Stitt has also noted that citizens most vulnerable to COVID-19’s worst effects have high rates of vaccination.
“Eighty-five percent of Oklahomans over the age of 65 have received at least one dose,” Stitt said. “I think almost 60 percent of Oklahomans—adult Oklahomans—have received at least one dose. So it’s available for everyone. I trust Oklahomans. We’re going to continue to provide information and be transparent with all of our data. And I encourage Oklahomans to make that decision about their health care with their physicians and their doctors.”
The state’s most recent Weekly Epidemiology and Surveillance Report, which covered July 11 to July 17, showed that since the start of the pandemic 27,575 Oklahomans, or 5.9 percent of all cases, have been hospitalized while testing positive for the virus.
Of those who have tested positive for COVID, 7,454 individuals, or 1.6 percent of all Oklahoma cases, have died. The average age of individuals who died was 74 years, and 1,712 individuals who died with COVID were nursing home residents.
Of those who died while testing positive for COVID-19, the report shows that 52.6 percent also had at least one chronic condition such as heart or circulatory disease, diabetes, lung failure, liver failure, or renal failure.
Over the most-recent seven-day period, 30 states had a higher per-capita rate of COVID deaths than Oklahoma.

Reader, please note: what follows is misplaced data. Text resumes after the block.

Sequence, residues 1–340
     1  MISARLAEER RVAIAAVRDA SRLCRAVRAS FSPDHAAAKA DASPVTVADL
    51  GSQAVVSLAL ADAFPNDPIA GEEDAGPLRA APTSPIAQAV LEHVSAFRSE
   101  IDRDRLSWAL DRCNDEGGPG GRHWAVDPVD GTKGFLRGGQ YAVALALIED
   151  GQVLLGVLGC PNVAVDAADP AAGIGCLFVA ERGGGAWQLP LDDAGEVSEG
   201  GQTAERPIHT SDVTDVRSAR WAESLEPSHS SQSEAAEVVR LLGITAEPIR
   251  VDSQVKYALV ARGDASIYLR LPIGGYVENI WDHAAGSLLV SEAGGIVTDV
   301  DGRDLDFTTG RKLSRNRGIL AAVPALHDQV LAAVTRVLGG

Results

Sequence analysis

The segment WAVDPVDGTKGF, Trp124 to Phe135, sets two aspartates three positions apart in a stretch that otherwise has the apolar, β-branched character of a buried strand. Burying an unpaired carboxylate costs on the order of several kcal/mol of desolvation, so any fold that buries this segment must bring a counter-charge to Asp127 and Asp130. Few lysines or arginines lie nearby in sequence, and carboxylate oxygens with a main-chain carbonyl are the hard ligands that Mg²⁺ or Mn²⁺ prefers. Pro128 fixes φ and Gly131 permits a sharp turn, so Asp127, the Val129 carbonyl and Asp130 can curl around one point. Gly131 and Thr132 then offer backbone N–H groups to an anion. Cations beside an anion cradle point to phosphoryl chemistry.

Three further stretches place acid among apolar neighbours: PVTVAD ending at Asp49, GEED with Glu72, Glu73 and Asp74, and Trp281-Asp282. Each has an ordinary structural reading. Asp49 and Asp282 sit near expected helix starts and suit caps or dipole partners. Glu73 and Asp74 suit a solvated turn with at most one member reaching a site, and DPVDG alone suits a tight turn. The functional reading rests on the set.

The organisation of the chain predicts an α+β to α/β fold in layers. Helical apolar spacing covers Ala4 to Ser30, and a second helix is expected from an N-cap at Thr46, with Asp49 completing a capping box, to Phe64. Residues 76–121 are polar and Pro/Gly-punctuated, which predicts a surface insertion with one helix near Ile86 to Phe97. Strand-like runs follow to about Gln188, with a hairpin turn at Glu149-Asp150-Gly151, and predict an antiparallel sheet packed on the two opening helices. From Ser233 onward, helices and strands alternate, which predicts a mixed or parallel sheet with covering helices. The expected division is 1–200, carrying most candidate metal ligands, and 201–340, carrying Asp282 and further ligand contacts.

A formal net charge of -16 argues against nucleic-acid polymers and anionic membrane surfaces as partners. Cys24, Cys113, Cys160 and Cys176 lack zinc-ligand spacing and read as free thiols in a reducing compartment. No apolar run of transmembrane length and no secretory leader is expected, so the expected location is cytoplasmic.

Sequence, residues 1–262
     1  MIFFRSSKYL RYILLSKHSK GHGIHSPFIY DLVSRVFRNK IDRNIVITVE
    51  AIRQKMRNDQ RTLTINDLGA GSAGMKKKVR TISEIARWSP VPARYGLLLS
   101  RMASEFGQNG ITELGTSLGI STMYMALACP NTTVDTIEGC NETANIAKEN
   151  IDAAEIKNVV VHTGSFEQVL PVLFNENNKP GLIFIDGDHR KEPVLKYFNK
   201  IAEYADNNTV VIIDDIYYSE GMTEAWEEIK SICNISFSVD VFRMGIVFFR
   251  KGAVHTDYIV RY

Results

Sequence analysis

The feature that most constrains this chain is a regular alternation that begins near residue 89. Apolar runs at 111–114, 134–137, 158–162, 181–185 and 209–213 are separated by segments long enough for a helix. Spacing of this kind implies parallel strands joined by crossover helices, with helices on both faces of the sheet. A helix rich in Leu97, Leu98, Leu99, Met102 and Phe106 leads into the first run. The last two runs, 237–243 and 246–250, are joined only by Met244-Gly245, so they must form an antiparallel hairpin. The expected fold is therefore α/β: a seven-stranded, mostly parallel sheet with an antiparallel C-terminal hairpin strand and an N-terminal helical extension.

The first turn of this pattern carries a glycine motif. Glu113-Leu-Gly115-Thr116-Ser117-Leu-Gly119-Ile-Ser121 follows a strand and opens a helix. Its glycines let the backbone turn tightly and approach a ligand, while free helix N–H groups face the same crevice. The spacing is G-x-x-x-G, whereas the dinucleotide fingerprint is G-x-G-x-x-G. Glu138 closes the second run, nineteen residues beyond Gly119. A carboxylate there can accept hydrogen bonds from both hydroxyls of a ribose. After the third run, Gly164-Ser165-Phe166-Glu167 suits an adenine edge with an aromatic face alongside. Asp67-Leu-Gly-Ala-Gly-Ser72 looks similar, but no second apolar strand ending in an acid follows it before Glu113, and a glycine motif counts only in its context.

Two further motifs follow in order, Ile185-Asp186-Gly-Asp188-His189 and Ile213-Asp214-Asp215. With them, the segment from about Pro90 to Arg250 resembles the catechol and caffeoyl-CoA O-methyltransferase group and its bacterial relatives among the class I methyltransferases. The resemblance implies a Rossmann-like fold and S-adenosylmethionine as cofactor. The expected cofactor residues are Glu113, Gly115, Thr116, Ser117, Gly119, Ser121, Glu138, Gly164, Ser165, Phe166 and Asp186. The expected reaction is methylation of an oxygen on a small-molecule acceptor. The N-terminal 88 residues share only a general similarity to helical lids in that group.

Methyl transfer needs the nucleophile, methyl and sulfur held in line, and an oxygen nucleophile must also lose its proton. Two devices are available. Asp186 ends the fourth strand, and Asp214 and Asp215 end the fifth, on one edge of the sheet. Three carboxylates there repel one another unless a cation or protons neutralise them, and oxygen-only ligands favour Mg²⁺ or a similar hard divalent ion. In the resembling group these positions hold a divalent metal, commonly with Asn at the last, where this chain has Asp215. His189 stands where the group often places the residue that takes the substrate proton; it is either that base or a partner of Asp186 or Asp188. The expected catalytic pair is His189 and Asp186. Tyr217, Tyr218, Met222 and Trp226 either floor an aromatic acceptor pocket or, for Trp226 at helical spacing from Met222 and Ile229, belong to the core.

More than 400,000 Oklahomans have recovered from COVID-19, which experts say likely means those individuals now have natural immunity to the virus even without vaccination. It is not known how much overlap exists between those who have recovered from COVID-19 and those who have been vaccinated for the virus.
In 2020 and 2021, many schools mandated that large numbers of students were barred from in-person learning and required to quarantine at home following potential exposure to COVID-19. A single positive case could result in a two-week quarantine for numerous students or school staff.
In most instances, school officials reported that very few individuals subjected to quarantine subsequently tested positive for the virus.
Due in part to the lack of in-person instruction and quarantine disruptions caused by schools’ response to COVID-19, academic results in Oklahoma schools are expected to have declined dramatically since 2019. While state testing was conducted in the spring, statewide results have not yet been released. However, one school official recently announced to parents that district-level outcomes were “as bad as I predicted.”
Stitt noted that COVID vaccines are readily available to address COVID concerns.
“Vaccines have been available widely for anybody that wants one in all 77 counties for months and months and months now,” Stitt said. “We led the country in getting those vaccines out.”
Director, Center for Independent Journalism
Ray Carter is the director of OCPA’s Center for Independent Journalism. He has two decades of experience in journalism and communications. He previously served as senior Capitol reporter for The Journal Record, media director for the Oklahoma House of Representatives, and chief editorial writer at The Oklahoman. As a reporter for The Journal Record, Carter received 12 Carl Rogan Awards in four years—including awards for investigative reporting, general news reporting, feature writing, spot news reporting, business reporting, and sports reporting. While at The Oklahoman, he was the recipient of several awards, including first place in the editorial writing category of the Associated Press/Oklahoma News Executives Carl Rogan Memorial News Excellence Competition for an editorial on the history of racism in the Oklahoma legislature.